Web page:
Brand Hijacking: doppelgänger domains, typo squatting, and counterfeit apps

Does your cyber security program address doppelgänger domains, typo squatting, and counterfeit apps?Organizational impersonation (brand hijacking) uses your reputation to dupe a victim. These attacks never hit your firewalls.  

Let that sink in. A brand impersonation/hijacking attack is unlikely to touch any of you apps, websites, networks, firewalls, or logs. It occurs completely outside of and independent of any resources under your organizational control.

Fortunately, basic defenses against these kind of risks can be implemented with rather simple tools; yet, this topic is overlooked by many organizations and security teams. Yet, it yields a two for one benefit… the same practices that reduce risks of brand hijacking are also applicable to verify the apps and services your organization consumes from others are legitimate and secure.


Who assesses your security configuration management practices?

Who assesses your security configuration management practices?

In follow up to Security Misconfiguration is the #5 risk in 2017.

Are assessments an internal processes? Do you rely on auditors (often an adversarial experience for staff)? Do you rely on Pentests and vulnerability scans (often limited in scope)? Or wait for the post-mortem after an event occurs?

If these options seem lacking, perhaps its time to consider adding a 3rd party assessment to your security program.  A few of the benefits include:

  • reduced burden on Security Operations team.
  • fresh perspectives and insights.
  • assistance preparing for Audits.
  • determination if scope of Pentests and Vulnerability Scans are appropriate and adequate.
  • evaluation of Security Configuration Management practices.  If needed, can provide coaching (or assistance) in establishing configuration management.
  • an SOW thats right for you and the current needs of your organization, not driven by the agenda of an auditor or a product vendor.

Even if your organization is not bound by regulations requiring specific security measures or audits, you may want to be proactive about your organization’s security health for more fundamental reasons.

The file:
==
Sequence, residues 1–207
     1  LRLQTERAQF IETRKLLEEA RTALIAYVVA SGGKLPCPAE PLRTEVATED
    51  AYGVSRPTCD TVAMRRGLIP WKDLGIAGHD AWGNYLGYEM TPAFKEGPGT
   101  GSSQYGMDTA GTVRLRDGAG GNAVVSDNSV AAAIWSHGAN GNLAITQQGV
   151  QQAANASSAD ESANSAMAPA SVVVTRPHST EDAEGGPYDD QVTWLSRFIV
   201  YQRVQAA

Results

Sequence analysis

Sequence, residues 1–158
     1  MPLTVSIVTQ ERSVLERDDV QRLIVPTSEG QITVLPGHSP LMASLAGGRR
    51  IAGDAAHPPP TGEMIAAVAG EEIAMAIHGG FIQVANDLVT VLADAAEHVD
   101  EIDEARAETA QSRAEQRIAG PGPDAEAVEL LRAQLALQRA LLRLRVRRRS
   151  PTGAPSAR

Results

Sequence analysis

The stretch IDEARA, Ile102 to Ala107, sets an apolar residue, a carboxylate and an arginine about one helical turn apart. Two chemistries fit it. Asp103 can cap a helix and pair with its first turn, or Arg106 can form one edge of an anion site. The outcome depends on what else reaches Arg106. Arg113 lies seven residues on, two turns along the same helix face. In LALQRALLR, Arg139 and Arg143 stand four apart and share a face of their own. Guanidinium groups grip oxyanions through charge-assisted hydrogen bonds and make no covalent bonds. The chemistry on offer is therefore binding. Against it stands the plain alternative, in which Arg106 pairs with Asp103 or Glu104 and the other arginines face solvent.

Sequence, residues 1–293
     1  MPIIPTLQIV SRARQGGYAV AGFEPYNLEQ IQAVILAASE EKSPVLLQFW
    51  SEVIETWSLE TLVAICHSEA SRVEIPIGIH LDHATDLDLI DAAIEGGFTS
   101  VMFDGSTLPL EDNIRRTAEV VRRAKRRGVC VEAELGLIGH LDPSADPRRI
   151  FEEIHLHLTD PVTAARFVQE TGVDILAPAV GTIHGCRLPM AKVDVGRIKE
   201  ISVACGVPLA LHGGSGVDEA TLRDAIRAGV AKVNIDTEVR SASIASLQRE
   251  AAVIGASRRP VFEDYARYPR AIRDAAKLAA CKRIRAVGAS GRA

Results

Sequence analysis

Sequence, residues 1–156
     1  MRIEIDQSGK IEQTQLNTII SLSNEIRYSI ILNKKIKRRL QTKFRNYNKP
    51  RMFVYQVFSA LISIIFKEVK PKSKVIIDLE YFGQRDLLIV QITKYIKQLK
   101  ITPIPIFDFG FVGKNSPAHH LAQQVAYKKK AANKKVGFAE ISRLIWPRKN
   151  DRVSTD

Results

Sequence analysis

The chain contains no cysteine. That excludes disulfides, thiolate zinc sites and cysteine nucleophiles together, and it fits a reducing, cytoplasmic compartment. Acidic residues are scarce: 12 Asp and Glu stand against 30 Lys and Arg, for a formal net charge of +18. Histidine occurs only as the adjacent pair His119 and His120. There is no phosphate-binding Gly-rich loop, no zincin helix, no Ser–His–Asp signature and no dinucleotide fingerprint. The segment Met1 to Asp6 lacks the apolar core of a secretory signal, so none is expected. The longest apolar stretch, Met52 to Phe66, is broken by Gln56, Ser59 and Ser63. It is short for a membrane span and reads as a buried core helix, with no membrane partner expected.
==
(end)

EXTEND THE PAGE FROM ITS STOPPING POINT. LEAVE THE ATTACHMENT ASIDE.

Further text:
Good security practices have numerous benefits:

  • fewer work errors and better quality control.
  • fewer occasions of unplanned down time.
  • better confidence in ability to handle exceptions quickly and efficiently.
  • better understanding of business relationships, dependencies, and trust decisions.
  • better understanding of roles and responsibilities.
  • better cost controls of the products and services purchased by your organization.

As you can see, good security practices can achieve much more than audit compliance.

Is your security program achieving it’s potential?

Security Misconfiguration is the #5 risk in 2017.

The latest “OWASP Top 10” lists “Security Misconfiguration” as the #5 security risk in 2017. Does your organization review it’s security configurations? Do you validate and test them? Does your organization practice configuration management?



Being agile, it’s not that complicated.

Some of the conversations I’ve been drawn into about Agile have been nothing short of mind-numbingly overcomplicated.  The Manifesto for Agile Software Development and the Twelve Principles of Agile Software are actually quite straightforward.
The manifesto only contains 62 words (354 characters).  The principles are described with 180 words (1,081 characters).
Yet, currently offers 4,521 books on “agile”.
If you really feel the need to read (or promote) a book about being agile… read “Corps Business: The 30 Management Principles of the U.S. Marines”.

   According to the “Scrum Alliance: Certified Agile Leadership Program”, an Agile Leader:

  – Operates effectively amid uncertainty, complexity, and rapid change
– Is knowledgeable about Agile values, approaches, and practices
– Surfaces more creative solutions through increased self-awareness, a growth mindset, and engaging others
– Aligns and empowers teams toward delivering more customer value
– Personally integrates feedback and experiments, and adapts their ways
– Takes a collaborative continuous-improvement approach to organizational effectiveness
– Catalyzes change in others and facilitates organizational change

Um… yeah… just give me a couple Marine Privates and stand back.  I’ll take someone whose earned their Eagle, Globe, and Anchor over a certificate of attendance, any day.

Hydrologic Sensor Engineering

Many improvements in remote sensing available, but not quite ready for the Internet of Things (IoT). Data availability and data privacy aren’t big obstacles. But, for data integrity, still need solutions for issuing and managing digital signing keys for remote sensors.

Situations where JIRA doesn’t meet the needs of a project (JRA-846).